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... three or four people to share, and is accompanied by all sorts of candies and nuts, but it's still a hell of a price to pay if you accidentally order the wrong thing, when you are simply hoping for a little cup of tea to round out your meal.
It's really difficult to reconcile how a country like this can function, with such an inexplicably-large gap between the haves and have nots, but it's not exactly uncommon ...
... we stayed in Armenia, for how long as well, what I had seen and what I knew about the war between both countries - I had never felt pressure like I did in those extremely long 10 minutes. Luckily I was soon met by other group members who could help answer the hard grilling questions. When James came through they took his camera off him and searched all his photos. When they saw photos from the Genercide museum, things took another turn for the worse and James ...
... of Ateshgah is--which is also related to oil. See, before oil was used to power our modern industrial world, it seems out of the ground here in Baku--and in this one spot it burned continuously, and was worshipped both by Zoroastrians and Hindus. Now, with so much oil being sucked out, the oil doesn't seep out or burn naturally--but there is still supposed to be an artificial fire in the temple.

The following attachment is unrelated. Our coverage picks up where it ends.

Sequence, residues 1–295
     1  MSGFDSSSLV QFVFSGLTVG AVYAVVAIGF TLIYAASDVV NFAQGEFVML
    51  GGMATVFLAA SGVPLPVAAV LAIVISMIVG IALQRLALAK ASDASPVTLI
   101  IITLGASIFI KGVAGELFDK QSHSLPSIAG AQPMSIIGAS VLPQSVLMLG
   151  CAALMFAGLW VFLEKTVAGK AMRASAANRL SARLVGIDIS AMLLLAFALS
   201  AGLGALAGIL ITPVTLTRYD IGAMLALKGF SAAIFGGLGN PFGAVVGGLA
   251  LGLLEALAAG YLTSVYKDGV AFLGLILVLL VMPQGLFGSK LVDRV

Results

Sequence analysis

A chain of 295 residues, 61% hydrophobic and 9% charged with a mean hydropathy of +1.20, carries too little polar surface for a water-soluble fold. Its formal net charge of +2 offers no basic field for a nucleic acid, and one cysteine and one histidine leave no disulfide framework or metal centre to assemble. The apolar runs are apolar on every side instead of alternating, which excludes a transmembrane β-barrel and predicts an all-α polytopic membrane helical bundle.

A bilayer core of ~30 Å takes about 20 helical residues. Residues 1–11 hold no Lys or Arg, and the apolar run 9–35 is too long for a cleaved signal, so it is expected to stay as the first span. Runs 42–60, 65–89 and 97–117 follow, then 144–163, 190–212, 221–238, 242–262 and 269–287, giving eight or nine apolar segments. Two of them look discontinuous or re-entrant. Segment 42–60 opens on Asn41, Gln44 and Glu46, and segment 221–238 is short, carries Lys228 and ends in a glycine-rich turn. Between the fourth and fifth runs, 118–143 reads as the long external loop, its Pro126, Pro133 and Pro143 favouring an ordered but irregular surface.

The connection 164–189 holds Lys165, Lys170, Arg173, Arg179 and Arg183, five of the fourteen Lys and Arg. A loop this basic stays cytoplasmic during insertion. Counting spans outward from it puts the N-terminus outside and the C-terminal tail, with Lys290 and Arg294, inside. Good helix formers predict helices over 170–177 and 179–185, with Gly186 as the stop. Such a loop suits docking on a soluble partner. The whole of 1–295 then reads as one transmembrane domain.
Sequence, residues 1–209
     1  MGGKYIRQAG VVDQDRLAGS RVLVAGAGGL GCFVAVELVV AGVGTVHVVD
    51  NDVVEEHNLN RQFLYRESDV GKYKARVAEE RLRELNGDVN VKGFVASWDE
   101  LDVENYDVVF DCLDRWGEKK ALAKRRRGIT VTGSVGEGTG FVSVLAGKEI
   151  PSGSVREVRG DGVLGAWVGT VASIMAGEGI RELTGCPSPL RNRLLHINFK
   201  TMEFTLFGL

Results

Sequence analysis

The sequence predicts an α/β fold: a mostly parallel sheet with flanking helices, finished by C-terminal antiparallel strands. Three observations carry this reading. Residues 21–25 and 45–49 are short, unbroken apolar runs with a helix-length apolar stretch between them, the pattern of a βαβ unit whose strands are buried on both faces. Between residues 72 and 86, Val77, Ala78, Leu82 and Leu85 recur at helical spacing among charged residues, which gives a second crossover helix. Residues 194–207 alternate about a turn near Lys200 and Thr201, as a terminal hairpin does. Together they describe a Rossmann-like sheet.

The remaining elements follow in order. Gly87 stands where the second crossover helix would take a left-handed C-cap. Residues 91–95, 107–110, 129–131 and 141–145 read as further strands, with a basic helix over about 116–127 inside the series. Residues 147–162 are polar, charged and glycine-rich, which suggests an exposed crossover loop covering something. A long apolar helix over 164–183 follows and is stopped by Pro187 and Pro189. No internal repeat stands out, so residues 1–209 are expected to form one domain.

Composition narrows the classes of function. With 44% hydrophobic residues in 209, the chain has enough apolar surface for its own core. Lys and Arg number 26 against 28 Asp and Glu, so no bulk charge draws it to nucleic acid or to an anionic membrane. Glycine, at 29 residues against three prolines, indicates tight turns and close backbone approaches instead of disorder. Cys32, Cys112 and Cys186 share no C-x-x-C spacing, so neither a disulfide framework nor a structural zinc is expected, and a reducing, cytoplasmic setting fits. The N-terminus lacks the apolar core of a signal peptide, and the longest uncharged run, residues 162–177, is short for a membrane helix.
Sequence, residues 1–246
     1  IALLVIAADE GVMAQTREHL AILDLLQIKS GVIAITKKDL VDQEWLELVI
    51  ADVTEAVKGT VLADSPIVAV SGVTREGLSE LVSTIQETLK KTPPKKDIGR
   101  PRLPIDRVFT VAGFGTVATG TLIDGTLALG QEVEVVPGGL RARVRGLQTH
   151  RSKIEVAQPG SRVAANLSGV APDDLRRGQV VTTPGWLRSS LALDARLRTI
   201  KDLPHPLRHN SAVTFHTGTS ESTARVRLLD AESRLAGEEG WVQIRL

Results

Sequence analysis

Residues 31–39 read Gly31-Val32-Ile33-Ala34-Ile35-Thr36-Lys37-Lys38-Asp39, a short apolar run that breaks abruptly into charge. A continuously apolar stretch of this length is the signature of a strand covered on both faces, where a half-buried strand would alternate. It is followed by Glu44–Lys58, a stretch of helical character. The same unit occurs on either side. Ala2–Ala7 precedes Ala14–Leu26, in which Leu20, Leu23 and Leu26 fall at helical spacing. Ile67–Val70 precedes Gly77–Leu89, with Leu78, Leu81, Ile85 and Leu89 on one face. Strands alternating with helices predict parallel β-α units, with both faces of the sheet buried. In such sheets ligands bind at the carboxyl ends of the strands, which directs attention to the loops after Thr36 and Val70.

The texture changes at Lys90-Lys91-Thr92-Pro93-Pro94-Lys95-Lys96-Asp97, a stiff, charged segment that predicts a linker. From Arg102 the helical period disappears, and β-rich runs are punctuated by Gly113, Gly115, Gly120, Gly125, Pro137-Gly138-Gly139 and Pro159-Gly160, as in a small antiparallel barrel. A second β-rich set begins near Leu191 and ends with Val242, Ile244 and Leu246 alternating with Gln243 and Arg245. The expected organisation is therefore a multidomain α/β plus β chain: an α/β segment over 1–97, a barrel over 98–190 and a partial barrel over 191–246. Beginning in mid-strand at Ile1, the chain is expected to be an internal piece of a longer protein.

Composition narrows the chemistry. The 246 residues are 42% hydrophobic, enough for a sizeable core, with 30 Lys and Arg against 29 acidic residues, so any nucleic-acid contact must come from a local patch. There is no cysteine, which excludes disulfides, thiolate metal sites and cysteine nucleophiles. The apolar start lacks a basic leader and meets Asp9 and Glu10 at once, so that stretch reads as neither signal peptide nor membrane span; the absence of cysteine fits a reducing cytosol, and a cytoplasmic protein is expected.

I guess the reason I'm intrigued by this temple is that it's a ...
... a good portion of what it has to offer, but I had some extremely bad luck. The last piece of the puzzle for my trip was Turkmenistan. I was told that I can get a visa on arrival with a letter of invitation. I received
a letter of invitation from the Turkmenistan Embassy in Ankara. They told me I could get the visa at any border on arrival including the ferry to Turkmenabashi. I went to the port of Baku on my 2nd
day and tried ...
... one, but we did manage to find our train and our compartment, which we luckily only had to share with one non-fat, non-stinking, non-snoring, non-old Georgian guy. The train had aircon, too, though it only functioned when we were moving. And the train did not move a lot during the four hours before sunset..
Mostly, we were held up at the two borders, which were not as adventurous as we'd hoped. The Azeri customs censors did not even look ...